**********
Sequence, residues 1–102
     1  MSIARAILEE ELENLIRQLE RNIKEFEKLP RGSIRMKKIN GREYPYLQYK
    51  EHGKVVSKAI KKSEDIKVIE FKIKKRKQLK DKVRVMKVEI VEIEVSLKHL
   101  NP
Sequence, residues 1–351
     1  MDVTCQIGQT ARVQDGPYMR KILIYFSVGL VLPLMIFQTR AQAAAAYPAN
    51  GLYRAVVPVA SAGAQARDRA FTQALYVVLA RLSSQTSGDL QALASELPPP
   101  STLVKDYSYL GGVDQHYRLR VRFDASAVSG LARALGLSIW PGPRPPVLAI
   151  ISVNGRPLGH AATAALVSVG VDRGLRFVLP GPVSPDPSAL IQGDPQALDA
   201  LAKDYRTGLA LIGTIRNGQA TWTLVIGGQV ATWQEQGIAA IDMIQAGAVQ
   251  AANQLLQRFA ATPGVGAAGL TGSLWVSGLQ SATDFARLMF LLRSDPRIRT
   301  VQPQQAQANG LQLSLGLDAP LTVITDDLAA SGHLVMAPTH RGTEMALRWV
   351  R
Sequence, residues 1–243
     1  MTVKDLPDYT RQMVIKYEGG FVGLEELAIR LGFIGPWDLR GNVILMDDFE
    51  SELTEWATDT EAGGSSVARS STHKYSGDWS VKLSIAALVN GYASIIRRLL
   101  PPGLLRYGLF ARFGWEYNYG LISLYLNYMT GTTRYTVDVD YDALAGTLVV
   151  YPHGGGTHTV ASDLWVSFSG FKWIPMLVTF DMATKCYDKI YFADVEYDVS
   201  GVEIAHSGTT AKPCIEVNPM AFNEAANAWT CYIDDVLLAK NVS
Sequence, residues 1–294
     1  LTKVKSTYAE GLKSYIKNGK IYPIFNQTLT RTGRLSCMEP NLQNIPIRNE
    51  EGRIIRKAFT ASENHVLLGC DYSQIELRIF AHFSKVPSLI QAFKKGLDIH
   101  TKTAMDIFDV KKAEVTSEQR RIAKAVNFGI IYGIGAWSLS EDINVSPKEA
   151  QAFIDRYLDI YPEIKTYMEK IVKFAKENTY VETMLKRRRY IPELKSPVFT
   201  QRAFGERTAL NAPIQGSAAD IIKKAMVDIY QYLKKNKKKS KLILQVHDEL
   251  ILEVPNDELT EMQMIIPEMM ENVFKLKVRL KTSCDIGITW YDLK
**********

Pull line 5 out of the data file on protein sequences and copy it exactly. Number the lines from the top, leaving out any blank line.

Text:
Sequence, residues 1–351